And that's what they were trying to do with at least one of them. Now, we're aware of these audio recordings, because actually one came out on CNN

years ago, but one of those that was played, was between Michael Cohen and Donald Trump essentially talking about the payment to Karen McDougal and

sort of the negotiations that were around it.

Now that's important for jurists are here if they want to kind of realize did Donald Trump know about it or not. Now has to do with Karen McDougal

and -- Stormy Daniels, but still an important audio recording. And then there was another one that was played now this is when Keith Davidson was

actually on the stand.

And it was between the conversation of Cohen and Davidson. And essentially, Cohen, as you saw on -- said that he Donald Trump hated the fact that they

did it in regards to the Stormy Daniels' non-disclosure agreement. So they're right. If you're a juror might think, you know, he didn't know

about that.

But that not you know that hush money payment. So these are so important. But again, the defense was using them as well, as Karen was pointing out,

in one case. Cohen talked about leverage with Davidson saying that they had to get this payment done prior to the election because they would lose

their leverage if they didn't.

So they're being used on both sides. And it really, you know, I would think as a jury or ping pong game, trying to figure out which one you believe or

which one's important to you.

NEWTON: Yeah, so interesting that whether this was a witness for the prosecution or defense.


NEWTON: Sometimes it left you wondering, why was this person called and who are they helping right now?



NEWTON: It was really interesting to watch all of that and to read the transcripts afterwards.


NEWTON: Brynn, you're going to stay with us for the next few hours.


NEWTON: Really appreciate it as I said, court proceedings should get underway in about 10 minutes from now, the former president, speaking to

reporters just before he goes in, Becky, we will bring it all to you as this continues.

ANDERSON: Appreciate it. Thank you, Paula. Coming up that and China launches a new probe heading for the moon. We're going to take a look at

how that changes the International Space Race more on that is after this.



UNIDENTIFIED FEMALE: We're now watching the live feed -- satellite launch - -



ANDERSON: Well that is China successfully launching the lunar probe change or Chang'e-6 earlier Friday.


Young manned mission is seen as a milestone in Beijing push to become a dominant space power. It plans to put astronauts on the moon by 2030 and is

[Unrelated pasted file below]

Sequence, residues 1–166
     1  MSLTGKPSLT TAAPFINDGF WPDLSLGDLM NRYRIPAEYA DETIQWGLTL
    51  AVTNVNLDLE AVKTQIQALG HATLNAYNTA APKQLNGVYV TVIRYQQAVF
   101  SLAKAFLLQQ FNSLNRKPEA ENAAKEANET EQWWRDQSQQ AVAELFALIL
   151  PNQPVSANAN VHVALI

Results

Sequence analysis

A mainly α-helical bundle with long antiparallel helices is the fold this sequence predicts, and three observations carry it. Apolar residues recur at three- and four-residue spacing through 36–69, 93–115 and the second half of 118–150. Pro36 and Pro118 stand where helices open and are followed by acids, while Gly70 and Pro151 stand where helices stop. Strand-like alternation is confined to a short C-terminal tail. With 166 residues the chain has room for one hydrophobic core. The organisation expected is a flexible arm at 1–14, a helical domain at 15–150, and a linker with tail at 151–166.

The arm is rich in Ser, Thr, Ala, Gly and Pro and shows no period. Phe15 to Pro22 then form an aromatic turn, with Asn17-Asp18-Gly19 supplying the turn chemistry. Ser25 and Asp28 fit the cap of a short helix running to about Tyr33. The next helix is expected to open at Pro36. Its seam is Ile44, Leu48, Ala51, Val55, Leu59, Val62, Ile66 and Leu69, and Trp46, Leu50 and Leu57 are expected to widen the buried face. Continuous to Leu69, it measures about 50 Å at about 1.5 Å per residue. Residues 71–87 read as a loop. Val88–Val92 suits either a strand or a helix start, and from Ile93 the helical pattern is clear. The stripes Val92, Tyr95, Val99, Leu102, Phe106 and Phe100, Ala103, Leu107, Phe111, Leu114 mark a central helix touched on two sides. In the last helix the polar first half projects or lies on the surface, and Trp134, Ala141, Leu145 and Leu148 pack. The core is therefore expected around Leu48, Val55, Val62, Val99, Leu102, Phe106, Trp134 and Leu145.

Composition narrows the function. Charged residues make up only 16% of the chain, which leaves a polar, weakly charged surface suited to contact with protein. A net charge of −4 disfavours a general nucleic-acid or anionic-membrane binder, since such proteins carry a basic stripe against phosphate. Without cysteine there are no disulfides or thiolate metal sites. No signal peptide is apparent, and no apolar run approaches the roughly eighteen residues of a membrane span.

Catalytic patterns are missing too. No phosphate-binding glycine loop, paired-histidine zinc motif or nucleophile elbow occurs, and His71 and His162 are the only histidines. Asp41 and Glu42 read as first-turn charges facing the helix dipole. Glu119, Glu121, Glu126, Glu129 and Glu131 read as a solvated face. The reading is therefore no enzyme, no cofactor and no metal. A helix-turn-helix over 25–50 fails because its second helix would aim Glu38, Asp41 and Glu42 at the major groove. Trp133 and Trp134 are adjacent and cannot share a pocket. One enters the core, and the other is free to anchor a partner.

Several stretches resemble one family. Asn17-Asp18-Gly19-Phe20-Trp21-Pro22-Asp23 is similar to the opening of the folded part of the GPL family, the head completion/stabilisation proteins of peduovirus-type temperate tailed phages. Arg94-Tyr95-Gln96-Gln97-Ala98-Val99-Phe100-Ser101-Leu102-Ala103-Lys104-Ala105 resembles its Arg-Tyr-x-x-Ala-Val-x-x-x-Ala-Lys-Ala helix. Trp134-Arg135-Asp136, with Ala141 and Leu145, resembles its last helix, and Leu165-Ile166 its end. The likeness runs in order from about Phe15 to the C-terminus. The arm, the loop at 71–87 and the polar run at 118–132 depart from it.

even aiming to build a lunar research base. Now the number of countries with big plans in space is mushrooming. In the last year, India and Japan

have both landed spacecraft on the moon.

Joining me now is CNN's Marc Stewart from Hainan Island. And earlier you were at the Wenchang Space Center for that launch. And it's been sort of,

you know, plugged as a major, potentially major step forward for China's space program, which of course has scientific benefits and ambitions, as

well as very importantly, strategic ones. Explain Marc, if you will?

MARC STEWART, CNN CORRESPONDENT: Absolutely, Becky, I wish I could say space exploration in general is just about human curiosity. But it's not

it's a way for a nation to mark their presence in a very big way. That's why as you mentioned, so many nations are excited about this possibility of

a return to the moon.

And for Chinese President Xi Jinping in particular, having a strong space program, a thriving state space program is very important to him. He's

called it an -- an eternal dream, if you will. So what we saw today is evidence of this bigger ambition to help put China on the world stage in an

even bigger way.


STEWART (voice-over): This is China's latest leap in the global quest to put a human back on the moon. CNN was there invited by the Chinese

government for a behind the scenes look at the Wenchang launch site, here on Hainan Island along the South China Sea. The goal of this mission to

bring back the first samples ever collected from the moon's far side, part of China's ambitious plan to send astronauts by 2030 and build a Lunar

Research Station.

YAN ZEHUA, SPACE PHOTOGRAPHER: It made us feel we are the strong country because we have the power to launch the big rocket to the moon.

STEWART (voice-over): What's happening here has critics, the Chinese government maintains space should be a peaceful place. Yet the head of NASA

expressed concern China may be using its civilian program for military purposes, even suggesting a Chinese takeover of the moon.